consider fitting sprinkler systems and Eric Pickles did that
straightaway. Some councils responded immediately. But some
wanted the central government to allow them to carry more debt? The
building we are looking adhere had a ?10 million refurbishment very
recently and I have seen the figures. It would have only cost
?200,000 to put in sprinklers, and it was not a question of money, it
was a question of priorities. Something extraordinary clearly
happened in that building and we need to find out as a matter of
urgency exactly what it was. Was at the cladding, the lack of
sprinklers, was it something else? Whatever happened in the building,
we need to make sure that it never happens again. But as well as that,
somebody unusually will have to carry the can. I think is that
public enquiry, led by a judge appointed by the Lord Chief Justice,
so completely independent and able to call any witness, if they find an
individual or corporate body failed in their duty, then clearly
prosecutions should follow. But that is something that the public enquiry
will have to look at and report upon. What do you think the
government should do in the interim? In the interim, it has to do with
two things. They have to give reassurance to the hundreds of
thousands that lived in tower blocks that they are safe but it also has
to give assurances to the people who live around Grenfell Tower, who are
justifiably very angry that their concerns have not been listened to.
Setting up that enquiry, it has to be open and transparent and people
have to be persuaded, as they are not at the moment, that it is going
to find the truth and if people are responsible, they must be punished.
There will be an early interim report after a couple of months, and
if there is any critical failings, like if the cladding is highly
flammable, which was suggested, we need to know about that in a matter
of weeks. And move people out of the buildings. If other buildings have
that dangerous cladding, immediate action will need to be taken in a
matter of weeks and months. You are suggesting that if there is similar
cladding on other buildings, people should be moved out immediately. If
it is flammable, yes. Let's talk about Theresa May. We understand
that she did not want to interrupt the work of the emergency services
or volunteers, but she chose not to meet residents. It was cited as
being for security concerns. People could have met her in private, and
it would have been perfectly safe to meet people. Did you think that
showed somebody that was showing a compassionate side? I'm not sure if
it was just security concerns. I think she was keen not to intrude
and cause disruption at a time of anxiety and grief. The people
concerned were still searching for loved ones. Is it not important to
have the Prime Minister show she cares? She is trying to be practical
and talk to the emergency services, to find out what needs to be done
rather than grandstanding. I am sure she will meet families but the day
after they have lost their loved ones, the last thing you need is the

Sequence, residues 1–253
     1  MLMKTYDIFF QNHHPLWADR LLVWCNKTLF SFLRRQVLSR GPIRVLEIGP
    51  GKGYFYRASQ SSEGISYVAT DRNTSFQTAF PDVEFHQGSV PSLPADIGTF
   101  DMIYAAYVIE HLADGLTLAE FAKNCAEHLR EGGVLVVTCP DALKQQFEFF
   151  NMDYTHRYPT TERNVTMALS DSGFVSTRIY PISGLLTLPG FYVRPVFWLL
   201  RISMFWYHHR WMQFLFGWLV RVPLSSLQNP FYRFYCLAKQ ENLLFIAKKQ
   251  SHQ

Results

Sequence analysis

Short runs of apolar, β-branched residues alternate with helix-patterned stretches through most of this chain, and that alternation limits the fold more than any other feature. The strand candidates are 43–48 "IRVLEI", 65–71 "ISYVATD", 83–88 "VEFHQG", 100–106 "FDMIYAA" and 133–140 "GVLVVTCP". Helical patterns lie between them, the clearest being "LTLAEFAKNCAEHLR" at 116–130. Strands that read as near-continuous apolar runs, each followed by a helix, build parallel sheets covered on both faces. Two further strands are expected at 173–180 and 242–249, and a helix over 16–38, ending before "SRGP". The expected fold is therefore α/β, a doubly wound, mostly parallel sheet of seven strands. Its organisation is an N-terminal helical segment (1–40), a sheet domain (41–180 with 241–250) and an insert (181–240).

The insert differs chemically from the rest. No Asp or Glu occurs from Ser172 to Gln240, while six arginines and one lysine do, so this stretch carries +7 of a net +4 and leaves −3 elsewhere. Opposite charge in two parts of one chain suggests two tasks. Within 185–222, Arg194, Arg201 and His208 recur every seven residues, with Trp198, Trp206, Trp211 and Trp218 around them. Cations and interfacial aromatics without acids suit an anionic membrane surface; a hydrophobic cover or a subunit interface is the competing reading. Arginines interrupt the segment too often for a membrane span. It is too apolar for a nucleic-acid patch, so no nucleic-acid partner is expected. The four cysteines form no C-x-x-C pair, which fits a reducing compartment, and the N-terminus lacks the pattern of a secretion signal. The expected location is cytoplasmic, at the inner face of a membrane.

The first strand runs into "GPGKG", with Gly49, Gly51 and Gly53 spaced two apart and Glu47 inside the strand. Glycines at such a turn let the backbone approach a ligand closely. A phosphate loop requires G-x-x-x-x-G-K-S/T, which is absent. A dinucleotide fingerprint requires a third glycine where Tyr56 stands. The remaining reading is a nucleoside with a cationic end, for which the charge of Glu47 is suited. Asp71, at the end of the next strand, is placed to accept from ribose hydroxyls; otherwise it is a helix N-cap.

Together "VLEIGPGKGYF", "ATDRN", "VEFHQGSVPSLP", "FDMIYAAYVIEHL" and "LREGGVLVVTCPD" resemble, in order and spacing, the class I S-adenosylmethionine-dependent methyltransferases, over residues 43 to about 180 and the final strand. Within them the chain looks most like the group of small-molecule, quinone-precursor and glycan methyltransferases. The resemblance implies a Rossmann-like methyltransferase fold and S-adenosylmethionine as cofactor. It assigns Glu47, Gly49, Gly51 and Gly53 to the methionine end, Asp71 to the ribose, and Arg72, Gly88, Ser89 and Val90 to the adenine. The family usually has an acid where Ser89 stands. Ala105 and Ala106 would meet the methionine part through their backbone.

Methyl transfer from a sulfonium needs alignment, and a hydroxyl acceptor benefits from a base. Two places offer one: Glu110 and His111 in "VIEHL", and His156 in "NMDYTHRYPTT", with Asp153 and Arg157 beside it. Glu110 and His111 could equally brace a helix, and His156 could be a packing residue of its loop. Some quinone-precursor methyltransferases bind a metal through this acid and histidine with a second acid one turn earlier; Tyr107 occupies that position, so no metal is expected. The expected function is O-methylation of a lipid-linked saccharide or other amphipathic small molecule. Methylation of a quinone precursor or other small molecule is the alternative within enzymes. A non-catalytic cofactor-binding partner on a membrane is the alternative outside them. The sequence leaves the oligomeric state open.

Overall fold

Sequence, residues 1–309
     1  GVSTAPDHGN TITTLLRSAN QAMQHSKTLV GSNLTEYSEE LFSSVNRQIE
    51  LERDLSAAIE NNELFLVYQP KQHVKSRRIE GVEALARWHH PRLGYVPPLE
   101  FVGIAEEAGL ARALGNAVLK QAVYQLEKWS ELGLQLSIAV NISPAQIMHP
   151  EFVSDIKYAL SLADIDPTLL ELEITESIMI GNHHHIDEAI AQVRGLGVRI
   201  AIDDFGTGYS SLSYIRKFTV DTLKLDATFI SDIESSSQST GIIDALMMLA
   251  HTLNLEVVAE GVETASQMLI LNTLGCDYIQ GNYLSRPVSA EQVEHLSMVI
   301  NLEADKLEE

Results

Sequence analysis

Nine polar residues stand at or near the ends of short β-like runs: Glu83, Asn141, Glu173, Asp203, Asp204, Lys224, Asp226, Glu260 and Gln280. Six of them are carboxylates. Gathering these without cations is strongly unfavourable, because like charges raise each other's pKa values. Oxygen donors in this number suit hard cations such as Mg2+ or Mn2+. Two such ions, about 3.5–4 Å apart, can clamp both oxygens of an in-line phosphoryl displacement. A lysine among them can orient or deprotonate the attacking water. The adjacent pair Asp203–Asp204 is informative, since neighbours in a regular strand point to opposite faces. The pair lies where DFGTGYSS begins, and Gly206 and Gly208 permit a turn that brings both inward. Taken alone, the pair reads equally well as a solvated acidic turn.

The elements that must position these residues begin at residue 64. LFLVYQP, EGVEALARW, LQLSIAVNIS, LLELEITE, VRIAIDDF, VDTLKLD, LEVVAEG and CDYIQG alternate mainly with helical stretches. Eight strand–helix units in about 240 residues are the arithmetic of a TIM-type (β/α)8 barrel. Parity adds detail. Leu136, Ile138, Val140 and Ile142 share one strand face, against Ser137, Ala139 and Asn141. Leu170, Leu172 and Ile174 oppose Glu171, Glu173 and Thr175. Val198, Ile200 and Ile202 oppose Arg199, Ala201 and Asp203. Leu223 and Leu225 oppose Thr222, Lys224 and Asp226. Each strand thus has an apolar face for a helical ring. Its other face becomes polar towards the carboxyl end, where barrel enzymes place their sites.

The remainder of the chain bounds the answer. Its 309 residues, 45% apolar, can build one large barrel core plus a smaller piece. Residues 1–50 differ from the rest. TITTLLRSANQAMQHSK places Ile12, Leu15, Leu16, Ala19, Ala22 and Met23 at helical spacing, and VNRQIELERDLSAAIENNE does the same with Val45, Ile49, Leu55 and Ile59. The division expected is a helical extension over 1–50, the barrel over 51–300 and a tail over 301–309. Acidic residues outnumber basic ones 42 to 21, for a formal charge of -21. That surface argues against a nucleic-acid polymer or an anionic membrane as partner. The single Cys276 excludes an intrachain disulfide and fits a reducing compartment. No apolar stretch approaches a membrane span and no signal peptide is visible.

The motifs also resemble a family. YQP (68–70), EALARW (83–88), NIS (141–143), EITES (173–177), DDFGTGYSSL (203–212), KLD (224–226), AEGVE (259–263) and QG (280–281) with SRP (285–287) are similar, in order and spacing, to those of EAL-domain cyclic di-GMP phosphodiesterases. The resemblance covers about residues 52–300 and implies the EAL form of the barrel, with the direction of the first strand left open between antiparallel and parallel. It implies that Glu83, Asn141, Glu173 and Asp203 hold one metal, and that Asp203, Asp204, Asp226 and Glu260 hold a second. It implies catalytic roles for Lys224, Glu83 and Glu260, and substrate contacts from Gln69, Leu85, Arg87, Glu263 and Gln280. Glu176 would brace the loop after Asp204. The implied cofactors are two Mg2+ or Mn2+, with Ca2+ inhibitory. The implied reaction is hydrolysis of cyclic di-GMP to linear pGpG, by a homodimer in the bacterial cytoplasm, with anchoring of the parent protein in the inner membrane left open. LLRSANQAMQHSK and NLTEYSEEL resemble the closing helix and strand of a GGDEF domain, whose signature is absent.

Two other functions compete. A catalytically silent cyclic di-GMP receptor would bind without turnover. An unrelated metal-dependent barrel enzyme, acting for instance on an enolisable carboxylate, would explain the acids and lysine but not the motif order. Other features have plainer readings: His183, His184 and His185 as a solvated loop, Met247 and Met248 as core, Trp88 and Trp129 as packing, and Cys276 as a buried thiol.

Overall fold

Prime Minister of the country elbowing her way in. To be honest, I
have spent a few days down there with Jeremy Corbyn. People did not
think he was intruding, they thought he was showing simple human sympathy
and kindness. Thank you both very much indeed.
The Public Inquiry will take evidence from all manner of experts,
contractors, councillors, emergency services,
community organisations, politicians and hopefully residents,
but it doesn't take a public inquiry to say that a review of building
regulations covering fire safety was promised by Theresa May's
chief of staff last year but has not been published.
The reason for that review was the fatal Lakanal House fire
in 2009 a multi-storey block in which six people died.
The coroner in the Lakanal House Inquest said that the government
should encourage providers of high rise housing to consider
retrofitting sprinkler systems - there was none in Grenfell -
and there are 4000 tower blocks in the UK that
We'll be talking to the lawyer for the Lakanal residents in a second.
But first, last night our policy editor Chris Cook reported
on details of the material with which Grenfell was cladded.
He's been looking more closely at this issue.
One of the most important questions to answer quickly is,
how many other buildings are at risk from fires
of the sort that devastated the Grenfell Tower.
Right now, that's a very hard question to answer.
To really understand the tragedy that
unfolded this week in Kensington, it may help to appreciate a success
Back in 2012, there was a major fire on the 17th
A pensioner's flat was completely destroyed.
It was contained by the walls and floors and the external
So the fire brigade were able to get here
and stop it from getting into any other flats.
A personal tragedy was prevented from becoming a much
One explanation for why the fire spread so quickly in
the Grenfell Tower was that the fire appears
to have spread over the outside of the building
That's insulation added to the exterior of the building
This broad design of cladding is in wide use.
You pin a layer of insulation material to the outside of the
Then add a waterproof layer to guard against the weather.
It was this outer layer that Newsnight
revealed yesterday, was of a design that
wasn't as fireproof as it might have been.
But experts have also called into question whether there's
Not with Grenfell Tower in particular,
but with materials being used in general in cladding.
The Fire Protection Association has been
conducting tests on widely used insulation material, for example.
Typically, we will fill a wheelie bin with cardboard, plastic bottles
and normal stuff you see in a normal recycling bin.
We put it up against the cladding and set fire to it.
You get some initial charring, but within a very short space
of time, the fire has got into the expanded
Theresa May today announced an enquiry.